Saturday, 23 August 2008

Turkey – Armenia: “Positive gestures” amid activated diplomacy

Reports in Turkish press indicate that there is active behind the scene diplomacy going on (direct and indirect) between Armenian and Turkish counterparts under the framework of discussions for the ‘Caucasian Union’ Turkey-led initiative. While many rightfully doubt the viability of the proposal considering conflicts between member states, there are some indications that Georgia-Russia war led to the softening of rhetoric in Ankara and Baku. Moreover, as Turkish Daily News reports, “Turkey has prioritized Armenia's involvement in the regional cooperation mechanism.” (Perhaps, a sign of admission that their policy of imposing transport blockade to Armenia failed.) Whether this will remain a declaration or will get transformed into something more substantial remains to be seen. In any case, there are some “positive gestures” on the table, for now at least.

Turkey's proposal to create a stability pact in the Caucasus is helping improve Turkish-Armenian ties amid low-profile diplomatic contacts that have commenced between the two neighbors.

As questions linger over the fate of the Turkish-led proposal, due to conflicts between the potential members, Russian Foreign Minister Sergei Lavrov is expected to communicate Turkey's proposal for a Caucasus stability pact with Armenia after a telephone conversation with his Turkish counterpart, Ali Babacan, this week.

On another front, the deputy undersecretary of the Turkish Foreign Ministry, Ünal Çeviköz, is expected to hold talks with his Armenian counterparts regarding the Caucasus plan. Çeviköz was one of the Turkish diplomats who held secret talks with Armenian officials in Switzerland.

Turkey has prioritized Armenia's involvement in the regional cooperation mechanism. Diplomatic sources earlier told the Turkish Daily News that it was Armenia that was most negatively affected by the Georgian-Russian war in the region and highlighted the importance of Yerevan joining the platform. […]

Turkey continues practice to ease airspace quota

Ankara's move to relax its airspace quota for Armenia is also considered another positive gesture toward Yerevan, in addition to considerations of aid to civilians.

Turkey decided to loosen its airspace quota for Armenia to allow easier access for humanitarian aid to war-torn Georgia. The most visible aim is to contribute to aid efforts by facilitating the transfer of material via Armenia and to help civilians leave Georgia by using Yerevan as an alternative to Baku, which is already overcrowded.

European countries mostly used Georgian and Russian air space before the war. Charter flights from Istanbul and Trabzon to Yerevan were already available; now all planes flying to and from Yerevan are granted flight permission. The TDN learned that the practice is still ongoing and this liberal air space quota may be kept in place while progress in the betterment of Turkish-Armenian ties gets clearer in the upcoming period.


artmika said...

The Economist has relevant article:
Turkey and the Caucasus
Waiting and watching

artmika said...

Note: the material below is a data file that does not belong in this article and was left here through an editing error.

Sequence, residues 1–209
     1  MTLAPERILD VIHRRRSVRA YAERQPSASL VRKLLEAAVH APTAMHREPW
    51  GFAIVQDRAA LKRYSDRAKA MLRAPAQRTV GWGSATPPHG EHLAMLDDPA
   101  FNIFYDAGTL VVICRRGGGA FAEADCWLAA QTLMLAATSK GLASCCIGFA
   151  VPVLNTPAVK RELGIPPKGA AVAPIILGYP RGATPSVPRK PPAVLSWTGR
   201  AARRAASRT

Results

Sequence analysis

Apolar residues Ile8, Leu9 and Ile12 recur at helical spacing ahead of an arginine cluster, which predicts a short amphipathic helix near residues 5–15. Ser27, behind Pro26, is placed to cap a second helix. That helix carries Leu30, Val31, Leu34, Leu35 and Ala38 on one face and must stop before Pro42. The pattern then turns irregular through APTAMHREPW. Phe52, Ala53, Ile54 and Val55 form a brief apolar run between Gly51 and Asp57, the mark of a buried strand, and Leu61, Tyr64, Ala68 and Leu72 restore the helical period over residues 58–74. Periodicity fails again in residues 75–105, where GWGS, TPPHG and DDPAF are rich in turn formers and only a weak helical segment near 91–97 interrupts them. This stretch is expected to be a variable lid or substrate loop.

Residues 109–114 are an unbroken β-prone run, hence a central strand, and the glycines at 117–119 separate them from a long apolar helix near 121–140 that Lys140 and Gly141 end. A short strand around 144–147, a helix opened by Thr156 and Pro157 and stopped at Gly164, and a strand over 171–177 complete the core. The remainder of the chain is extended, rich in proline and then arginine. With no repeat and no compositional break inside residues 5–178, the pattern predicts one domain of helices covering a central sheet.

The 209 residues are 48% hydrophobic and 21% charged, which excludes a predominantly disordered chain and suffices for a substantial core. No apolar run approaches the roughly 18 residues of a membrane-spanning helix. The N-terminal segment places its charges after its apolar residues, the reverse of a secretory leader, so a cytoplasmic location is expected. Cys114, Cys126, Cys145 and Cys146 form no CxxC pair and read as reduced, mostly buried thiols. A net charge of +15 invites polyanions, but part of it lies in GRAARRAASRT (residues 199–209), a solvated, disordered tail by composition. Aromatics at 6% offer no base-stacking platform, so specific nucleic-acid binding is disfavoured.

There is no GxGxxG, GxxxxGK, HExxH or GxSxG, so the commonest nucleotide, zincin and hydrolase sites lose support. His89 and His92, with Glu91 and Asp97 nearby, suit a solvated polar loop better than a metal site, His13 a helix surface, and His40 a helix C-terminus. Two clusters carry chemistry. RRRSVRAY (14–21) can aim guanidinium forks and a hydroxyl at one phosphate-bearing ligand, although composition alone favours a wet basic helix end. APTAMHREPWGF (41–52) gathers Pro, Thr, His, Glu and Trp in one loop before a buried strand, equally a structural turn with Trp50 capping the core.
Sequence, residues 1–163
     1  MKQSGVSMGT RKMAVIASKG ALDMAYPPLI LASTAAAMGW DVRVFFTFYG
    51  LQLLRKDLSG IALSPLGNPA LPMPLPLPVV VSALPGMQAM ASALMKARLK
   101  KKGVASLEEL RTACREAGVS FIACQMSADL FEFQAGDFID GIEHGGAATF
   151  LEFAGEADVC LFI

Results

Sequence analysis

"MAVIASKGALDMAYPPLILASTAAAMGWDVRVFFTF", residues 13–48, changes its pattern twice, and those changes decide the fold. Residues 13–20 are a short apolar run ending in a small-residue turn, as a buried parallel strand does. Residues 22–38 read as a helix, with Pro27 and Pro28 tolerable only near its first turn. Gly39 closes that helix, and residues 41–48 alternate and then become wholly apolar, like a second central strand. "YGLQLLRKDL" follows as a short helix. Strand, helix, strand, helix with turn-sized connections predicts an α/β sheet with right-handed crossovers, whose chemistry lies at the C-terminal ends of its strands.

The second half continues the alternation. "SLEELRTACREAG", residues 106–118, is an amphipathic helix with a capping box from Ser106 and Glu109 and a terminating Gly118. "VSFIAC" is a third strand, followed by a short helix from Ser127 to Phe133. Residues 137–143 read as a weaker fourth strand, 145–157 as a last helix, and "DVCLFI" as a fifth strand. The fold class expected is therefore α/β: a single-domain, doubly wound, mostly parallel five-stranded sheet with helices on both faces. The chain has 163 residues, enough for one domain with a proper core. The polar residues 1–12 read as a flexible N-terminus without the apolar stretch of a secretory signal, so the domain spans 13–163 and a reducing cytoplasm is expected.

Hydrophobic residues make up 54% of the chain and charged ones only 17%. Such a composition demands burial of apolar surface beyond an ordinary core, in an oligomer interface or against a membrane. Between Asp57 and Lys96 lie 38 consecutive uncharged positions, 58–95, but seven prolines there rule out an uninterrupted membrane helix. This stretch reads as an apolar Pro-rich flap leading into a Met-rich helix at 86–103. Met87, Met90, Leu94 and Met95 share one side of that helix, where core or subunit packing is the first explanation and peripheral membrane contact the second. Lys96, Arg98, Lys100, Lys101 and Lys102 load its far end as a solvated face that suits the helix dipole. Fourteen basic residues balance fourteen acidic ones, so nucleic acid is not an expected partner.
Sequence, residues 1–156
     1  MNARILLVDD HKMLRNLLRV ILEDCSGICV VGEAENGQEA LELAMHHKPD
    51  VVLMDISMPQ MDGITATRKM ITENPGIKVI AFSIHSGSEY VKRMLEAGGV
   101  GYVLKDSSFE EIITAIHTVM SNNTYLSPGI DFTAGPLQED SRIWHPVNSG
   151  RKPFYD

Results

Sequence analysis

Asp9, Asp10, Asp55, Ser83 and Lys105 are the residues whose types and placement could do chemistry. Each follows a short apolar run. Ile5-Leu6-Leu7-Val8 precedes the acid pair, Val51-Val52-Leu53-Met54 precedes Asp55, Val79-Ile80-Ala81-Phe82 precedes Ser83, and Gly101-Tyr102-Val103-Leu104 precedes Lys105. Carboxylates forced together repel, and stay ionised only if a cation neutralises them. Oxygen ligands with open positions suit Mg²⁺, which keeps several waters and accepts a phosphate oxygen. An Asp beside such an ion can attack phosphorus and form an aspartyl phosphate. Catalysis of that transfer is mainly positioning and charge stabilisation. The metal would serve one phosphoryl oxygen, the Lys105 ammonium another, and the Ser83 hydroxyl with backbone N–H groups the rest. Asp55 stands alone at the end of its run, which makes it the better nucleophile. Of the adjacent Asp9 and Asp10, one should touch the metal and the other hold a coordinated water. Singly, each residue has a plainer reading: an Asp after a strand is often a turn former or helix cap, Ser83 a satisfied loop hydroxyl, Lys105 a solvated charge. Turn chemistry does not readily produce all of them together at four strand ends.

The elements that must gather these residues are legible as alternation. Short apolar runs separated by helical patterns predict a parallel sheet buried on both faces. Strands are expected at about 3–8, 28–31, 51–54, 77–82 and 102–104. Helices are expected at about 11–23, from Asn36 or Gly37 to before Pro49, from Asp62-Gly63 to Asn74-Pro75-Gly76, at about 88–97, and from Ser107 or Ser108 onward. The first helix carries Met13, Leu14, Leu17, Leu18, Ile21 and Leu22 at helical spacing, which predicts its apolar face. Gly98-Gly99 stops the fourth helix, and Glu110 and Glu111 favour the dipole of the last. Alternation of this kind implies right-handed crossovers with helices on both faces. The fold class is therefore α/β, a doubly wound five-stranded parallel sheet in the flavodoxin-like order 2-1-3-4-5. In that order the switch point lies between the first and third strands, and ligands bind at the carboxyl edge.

Today's Zaman reports that intensive diplomacy re 'Caucasian Union' continues, and Russian foreign minister Lavrov will visit Istanbul next week, earlier than expected. Turkey doesn't seem shattered by Russia's recognition of Abkhazia and South Ossetia. In fact, Turkish press seems to me more critical to Georgia, and neutral to positive to Russia. Anyway, back to Today's Zaman reports:

"[...] As a result of these talks between Çeviköz and Titov, Lavrov decided to hold detailed talks with Babacan earlier than expected, Russian sources told Today's Zaman. Lavrov will arrive in İstanbul on Monday evening and have talks with Babacan on Tuesday, the same sources said, noting that Lavrov would depart from İstanbul following a joint press conference with Babacan. The concrete proposals were first briefly explained by Babacan to Lavrov on Friday when the former initiated a telephone conversation with the latter.

Ankara had already announced that officials from the Turkish and Russian foreign ministries would meet this week to work on the proposals and that Babacan and Lavrov will also meet in early September to review progress in the technical talks. Yet, both Russian and Turkish officials are still tightlipped concerning the content of Ankara's proposals, apparently due to the delicacy of the issue given the conjuncture in the region as well as the conflict between Georgia and Russia, which has led to global tension.

Ankara's proposal for the platform -- which is supposed to bring Armenia, Azerbaijan, Georgia, Russia and Turkey around the same table -- came after a regional crisis erupted following a Georgian military offensive in its Russian-backed breakaway region of South Ossetia earlier this month. In the first half of August, Prime Minister Recep Tayyip Erdoğan paid successive visits to Moscow and Tbilisi and traveled to Baku last week to promote and gain support for the proposed platform. Both Georgian and Russian leaders said they would welcome the idea, while a joint statement released by Erdoğan and Azerbaijani President Ilham Aliyev said Baku had approached the proposal "positively."

[...] Erdoğan disclosed Ankara's eagerness for Armenia's participation in a "Caucasus alliance," as he said it would greatly increase regional stability. He said the form of talks with Armenia would be set following Babacan's consultations with Lavrov. In an initial reaction, Armenian Foreign Minister Edward Nalbandian said Yerevan welcomed the Turkish initiative."